To understand the mechanism by which diabetes elevates the risk of cardiovascular disease, specifically peripheral artery disease (PAD), and to investigate new avenues for PAD prevention and treatment. Relevance: Type II diabetes has surged in prevalence by 23% over the last decade and now affects 5% of Americans and 25% of Americans above age 65. Diabetes roughly doubles the risk of myocardial infarction, stroke, and congestive heart failure, and quadruples the risk of PAD. PAD is a debilitating condition of progressive atherosclerotic narrowing of the peripheral arteries. The most common manifestation of PAD is pain with exercise due to occlusion of blood flow to the limbs;severe cases of PAD can also lead to ischemic ulceration, gangrene, and limb amputation. Despite the frequency and severity of diabetes and PAD, the mechanisms linking these conditions remain unclear. The proposed project is consistent with NHLBI's mission to understand the mechanisms leading to cardiovascular disease, specifically PAD, and to investigate potential areas of interest for prevention and treatment.
Specific Aims : To (I) evaluate the associations between a range of glycemic phenotypes and circulating levels of fibrosis-related biomarkers in older adults;and (II) determine the role of fibrosis in subclinical and clinical PAD - a complication of diabetes that has not previously been evaluated with respect to fibrosis. For both aims, specific emphasis will be placed on correlating biomarkers with disease pathogenesis. Methods: All studies will be performed using the Cardiovascular Health Study, a unique and richly characterized prospective cohort of 5,888 men and women aged 65 and older. Methods will include cross- sectional, multivariate linear regression and time-to-event analysis using a Cox proportional hazards model, as detailed in the research strategy section. Research Training Program: The program includes individualized and supervised research, coursework, scientific writing, and oral presentations that will prepare Isha Agarwal to build a successful career as a physician-scientist. The project will be co-sponsored by two experienced investigators with complementary skill sets in epidemiology and medicine and demonstrated commitment to mentorship. Additional mentorship will be provided by a senior biostatistician collaborator and a basic science consultant. Implication: This research will be critical in determining which glycemic phenotypes are associated with increased risk of fibrosis, whether easily measured biomarkers of fibrosis can predict the risk of PAD among individuals with impaired glucose regulation, and whether fibrosis represents a potential area of interest for PAD prevention and treatment amid the 21st century epidemics of obesity, glucose intolerance, and diabetes.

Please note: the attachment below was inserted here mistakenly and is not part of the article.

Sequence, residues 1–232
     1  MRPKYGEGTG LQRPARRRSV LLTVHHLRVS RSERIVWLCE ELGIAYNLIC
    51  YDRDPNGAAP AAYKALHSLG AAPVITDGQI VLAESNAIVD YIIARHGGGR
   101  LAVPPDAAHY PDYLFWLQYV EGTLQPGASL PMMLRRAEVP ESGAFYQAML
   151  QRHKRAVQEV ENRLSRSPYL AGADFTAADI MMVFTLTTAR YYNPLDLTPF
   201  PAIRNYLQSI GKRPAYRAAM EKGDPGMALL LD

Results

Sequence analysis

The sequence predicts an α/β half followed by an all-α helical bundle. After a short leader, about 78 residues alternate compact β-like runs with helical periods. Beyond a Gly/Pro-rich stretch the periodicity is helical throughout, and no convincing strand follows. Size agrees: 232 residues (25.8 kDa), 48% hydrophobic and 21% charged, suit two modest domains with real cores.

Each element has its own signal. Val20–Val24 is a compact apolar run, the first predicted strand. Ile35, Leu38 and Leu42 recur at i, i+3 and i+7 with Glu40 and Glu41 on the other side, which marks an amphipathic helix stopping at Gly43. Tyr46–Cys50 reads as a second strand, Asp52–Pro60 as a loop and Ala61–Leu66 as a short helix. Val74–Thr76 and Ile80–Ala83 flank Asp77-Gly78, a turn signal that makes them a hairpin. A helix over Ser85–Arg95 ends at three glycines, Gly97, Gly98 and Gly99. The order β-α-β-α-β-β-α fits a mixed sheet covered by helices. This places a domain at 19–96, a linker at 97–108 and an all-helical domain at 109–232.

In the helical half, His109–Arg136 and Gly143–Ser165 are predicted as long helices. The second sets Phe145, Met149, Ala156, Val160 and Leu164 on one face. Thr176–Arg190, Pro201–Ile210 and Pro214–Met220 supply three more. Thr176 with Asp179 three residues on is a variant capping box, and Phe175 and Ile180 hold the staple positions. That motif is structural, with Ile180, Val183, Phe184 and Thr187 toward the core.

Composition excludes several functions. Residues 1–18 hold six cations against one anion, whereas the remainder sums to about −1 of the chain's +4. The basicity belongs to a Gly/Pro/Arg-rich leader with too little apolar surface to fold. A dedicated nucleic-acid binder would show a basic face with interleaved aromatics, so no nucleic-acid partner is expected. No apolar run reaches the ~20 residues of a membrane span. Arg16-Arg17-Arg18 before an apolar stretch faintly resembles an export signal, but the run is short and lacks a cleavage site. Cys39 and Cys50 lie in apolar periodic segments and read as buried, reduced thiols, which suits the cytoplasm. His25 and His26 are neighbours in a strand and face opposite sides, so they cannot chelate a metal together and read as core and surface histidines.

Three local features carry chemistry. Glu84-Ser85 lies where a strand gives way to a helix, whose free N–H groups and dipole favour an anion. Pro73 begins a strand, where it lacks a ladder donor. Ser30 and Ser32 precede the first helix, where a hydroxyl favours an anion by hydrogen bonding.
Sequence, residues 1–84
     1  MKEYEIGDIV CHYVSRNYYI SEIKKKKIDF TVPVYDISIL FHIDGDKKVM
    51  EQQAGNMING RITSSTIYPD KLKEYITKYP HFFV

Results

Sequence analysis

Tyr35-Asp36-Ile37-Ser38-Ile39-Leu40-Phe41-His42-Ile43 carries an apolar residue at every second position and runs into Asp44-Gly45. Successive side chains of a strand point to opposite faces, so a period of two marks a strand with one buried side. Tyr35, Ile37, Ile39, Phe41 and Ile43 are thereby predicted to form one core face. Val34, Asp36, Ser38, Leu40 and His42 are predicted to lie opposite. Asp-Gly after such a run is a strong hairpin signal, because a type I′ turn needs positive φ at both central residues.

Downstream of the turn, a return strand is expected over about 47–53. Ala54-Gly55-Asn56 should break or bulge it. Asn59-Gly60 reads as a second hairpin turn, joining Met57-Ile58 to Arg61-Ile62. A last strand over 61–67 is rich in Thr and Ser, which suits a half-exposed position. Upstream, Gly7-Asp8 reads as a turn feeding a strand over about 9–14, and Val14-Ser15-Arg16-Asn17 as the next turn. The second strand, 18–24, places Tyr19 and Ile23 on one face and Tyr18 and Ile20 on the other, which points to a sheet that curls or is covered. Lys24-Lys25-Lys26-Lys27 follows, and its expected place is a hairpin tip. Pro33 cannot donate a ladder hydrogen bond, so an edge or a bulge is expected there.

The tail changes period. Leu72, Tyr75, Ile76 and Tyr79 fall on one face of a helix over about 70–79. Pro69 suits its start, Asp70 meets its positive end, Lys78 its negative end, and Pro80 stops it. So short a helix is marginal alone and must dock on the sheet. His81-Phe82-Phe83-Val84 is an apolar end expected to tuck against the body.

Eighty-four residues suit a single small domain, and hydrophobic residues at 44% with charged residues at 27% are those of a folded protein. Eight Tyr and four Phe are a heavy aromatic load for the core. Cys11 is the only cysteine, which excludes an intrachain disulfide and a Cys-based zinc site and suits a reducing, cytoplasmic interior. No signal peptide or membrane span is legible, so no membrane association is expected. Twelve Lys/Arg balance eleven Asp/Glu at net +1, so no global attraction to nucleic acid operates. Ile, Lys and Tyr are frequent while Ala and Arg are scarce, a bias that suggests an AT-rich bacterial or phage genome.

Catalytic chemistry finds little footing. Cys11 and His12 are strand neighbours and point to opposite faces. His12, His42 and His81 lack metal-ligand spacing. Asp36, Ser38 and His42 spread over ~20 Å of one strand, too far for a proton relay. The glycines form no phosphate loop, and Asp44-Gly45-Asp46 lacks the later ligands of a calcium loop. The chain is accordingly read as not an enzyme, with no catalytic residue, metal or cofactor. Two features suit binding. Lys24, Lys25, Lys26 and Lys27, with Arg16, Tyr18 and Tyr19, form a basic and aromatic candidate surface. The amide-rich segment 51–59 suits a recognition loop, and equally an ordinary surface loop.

Public Health Relevance

Diabetes roughly doubles the risk of myocardial infarction, stroke, and congestive heart failure, and quadruples the risk of peripheral artery disease (PAD). This projects aims to understand why diabetes elevates the risk of PAD and to investigate fibrosis as a potential area of interest for PAD prevention and treatment. For the proposed research, we will place specific emphasis on mechanistic insights and correlation of biomarkers with disease pathogenesis.

Agency
National Institute of Health (NIH)
Type
Individual Predoctoral NRSA for M.D./Ph.D. Fellowships (ADAMHA) (F30)
Project #
1F30HL118775-01A1
Application #
8647621
Study Section
Special Emphasis Panel (ZRG1)
Program Officer
Meadows, Tawanna
Project Start
Project End
Budget Start
Budget End
Support Year
1
Fiscal Year
2014
Total Cost
Indirect Cost
Name
Harvard Medical School
Department
None
Type
Schools of Medicine
DUNS #
City
Boston
State
MA
Country
United States
Zip Code
02115
Agarwal, Isha; Glazer, Nicole L; Barasch, Eddy et al. (2014) Fibrosis-related biomarkers and risk of total and cause-specific mortality: the cardiovascular health study. Am J Epidemiol 179:1331-9
Agarwal, Isha; Glazer, Nicole L; Barasch, Eddy et al. (2014) Fibrosis-related biomarkers and incident cardiovascular disease in older adults: the cardiovascular health study. Circ Arrhythm Electrophysiol 7:583-9